Remember the second-generation Chevrolet Camaro that was introduced at the end of February 1970? It was supposed to be an advancement on the Bow Tie pony car. The press certainly felt so, but the collector’s market disagrees, as 1967-69 Camaros are near the top in popularity. It’s not often one finds a nicely preserved non-Z/28 of this era like our Pick of the Day, a 1970 Camaro SS/RS listed on ClassicCars.com by a dealership in Elyria, Ohio. (Click the link to view the listing)
Chevrolet shuffled the Camaro’s feature list a bit for the 1970 redesign. For one thing, the convertible was discontinued, which was a portent of things to come for other American ragtops in the market, if not the sporty car market. The model structure continued, with base Camaros being available with the Rally Sport (RS) trim package as well as the Super Sport (SS) and Z/28 performance packages. As before, the RS could be combined with the SS or Z/28, but the RS completely changed from 1967-69 — gone were the hidden headlamps, with the front end now featuring delicate bumpers, parking lights that looked like fog lights, and a huge grille surrounded by Endura plastic (the same material used on the 1968 GTO’s nose).
The SS’s engines were mainly carry-overs: the 350/300 was the same, but the 396/325 was discontinued, leaving only the 396 with 350 or 375 horsepower. The big news was the Z/28, which eschewed the little 302 for the LT1 350, a 360-horsepower powerhouse that was akin to the old 302 but with more cubes. Though it didn’t properly satisfy the Trans-Am fans who were only too happy to point out the LT1 did not measure to race specification, the LT1 had a much broader powerband for the street and was available with an automatic, yet it lost little in the form of rev-happy performance.
This 1970 Chevrolet Camaro has a ton going for it: it has the performance of the hi-po 350 from the SS package, the good looks from the RS package, and is painted in Daytona Yellow. Would the four-speed help pull you big-block folks into this? “The condition of this car speaks volumes to the love it received in its life. If you can’t handle the few paint flaws in the original paint that are well illustrated in the photos that’s ok, there are plenty of restored, shiny paint cars out there. If you truly understand what it means to find a car in this original condition you may have just found your next gem,” states the seller. That’s because this Camaro has only 13,000 miles on the odometer. He calls this Camaro a “survivor,” but that’s practically a political position in the hobby so let’s just say the Camaro is original and the due diligence is on you to determine whether it’s a survivor.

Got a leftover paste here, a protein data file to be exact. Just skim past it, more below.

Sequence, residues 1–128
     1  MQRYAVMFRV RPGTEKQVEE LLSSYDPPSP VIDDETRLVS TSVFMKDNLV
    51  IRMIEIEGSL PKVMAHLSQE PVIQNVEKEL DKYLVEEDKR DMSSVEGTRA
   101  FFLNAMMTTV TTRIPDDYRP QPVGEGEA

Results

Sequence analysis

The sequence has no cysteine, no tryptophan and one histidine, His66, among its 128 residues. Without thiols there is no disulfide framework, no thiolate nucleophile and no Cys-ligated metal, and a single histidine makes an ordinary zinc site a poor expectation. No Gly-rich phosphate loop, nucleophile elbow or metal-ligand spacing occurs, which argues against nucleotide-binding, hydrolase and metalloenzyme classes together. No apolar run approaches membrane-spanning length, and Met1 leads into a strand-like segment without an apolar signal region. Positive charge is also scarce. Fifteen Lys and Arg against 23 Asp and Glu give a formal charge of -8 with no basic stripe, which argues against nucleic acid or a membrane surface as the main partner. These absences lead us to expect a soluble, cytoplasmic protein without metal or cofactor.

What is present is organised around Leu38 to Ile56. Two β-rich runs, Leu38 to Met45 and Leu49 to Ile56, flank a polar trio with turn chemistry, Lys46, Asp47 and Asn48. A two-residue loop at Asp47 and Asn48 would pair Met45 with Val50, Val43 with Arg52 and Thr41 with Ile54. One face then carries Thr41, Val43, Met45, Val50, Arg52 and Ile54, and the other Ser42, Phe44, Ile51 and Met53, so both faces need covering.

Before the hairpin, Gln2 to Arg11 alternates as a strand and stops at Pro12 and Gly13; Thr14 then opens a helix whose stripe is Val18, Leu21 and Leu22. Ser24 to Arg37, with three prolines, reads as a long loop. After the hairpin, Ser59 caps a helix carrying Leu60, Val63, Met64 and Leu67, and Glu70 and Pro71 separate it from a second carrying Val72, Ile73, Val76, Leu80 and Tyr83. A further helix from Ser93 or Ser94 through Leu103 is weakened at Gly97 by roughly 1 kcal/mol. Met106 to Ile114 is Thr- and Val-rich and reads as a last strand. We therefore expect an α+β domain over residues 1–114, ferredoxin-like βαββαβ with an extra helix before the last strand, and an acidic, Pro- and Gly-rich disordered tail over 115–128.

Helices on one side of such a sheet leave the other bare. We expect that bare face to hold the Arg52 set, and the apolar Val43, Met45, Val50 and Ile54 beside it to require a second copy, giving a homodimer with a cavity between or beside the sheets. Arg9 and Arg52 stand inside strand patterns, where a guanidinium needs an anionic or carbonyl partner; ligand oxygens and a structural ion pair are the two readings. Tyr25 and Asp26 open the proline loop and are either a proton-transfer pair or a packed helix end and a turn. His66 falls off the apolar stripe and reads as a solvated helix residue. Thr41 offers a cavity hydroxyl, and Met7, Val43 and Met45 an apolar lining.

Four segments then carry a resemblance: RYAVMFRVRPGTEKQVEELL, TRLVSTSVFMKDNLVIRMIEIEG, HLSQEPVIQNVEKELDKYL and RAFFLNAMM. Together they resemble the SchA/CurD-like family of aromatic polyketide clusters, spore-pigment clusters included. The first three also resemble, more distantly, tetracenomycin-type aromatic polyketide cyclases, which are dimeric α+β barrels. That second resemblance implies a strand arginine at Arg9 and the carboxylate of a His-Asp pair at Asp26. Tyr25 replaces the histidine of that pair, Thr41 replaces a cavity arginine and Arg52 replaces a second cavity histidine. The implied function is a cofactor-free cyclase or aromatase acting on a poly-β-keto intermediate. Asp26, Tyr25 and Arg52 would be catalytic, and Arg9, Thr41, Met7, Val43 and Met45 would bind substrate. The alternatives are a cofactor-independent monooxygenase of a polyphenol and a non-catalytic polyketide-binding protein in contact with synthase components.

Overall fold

“Paperwork, you say? Yep, got that too . . . Protect-O-Plate, original owner’s manual, original purchase agreements. My, oh my!” adds the seller. Inside, the Camaro’s originality is less spoiled by the elements and can be more fully appreciated — a time warp, per the seller. Other options include special instrumentation, Positraction, power steering, sport mirrors, spoiler, and undercoating, though the seller says, “We are sending the car for ice blasting to clean the underside and engine compartment up a bit.”
It will take $68,500 to bring this 1970 Camaro SS/RS to your home. Its originality, combined with a mix of options that would make many other Camaros jealous, make it a prime find for the Bow Tie guy or gal who’s a true believer in the superiority of the 1970 Camaro.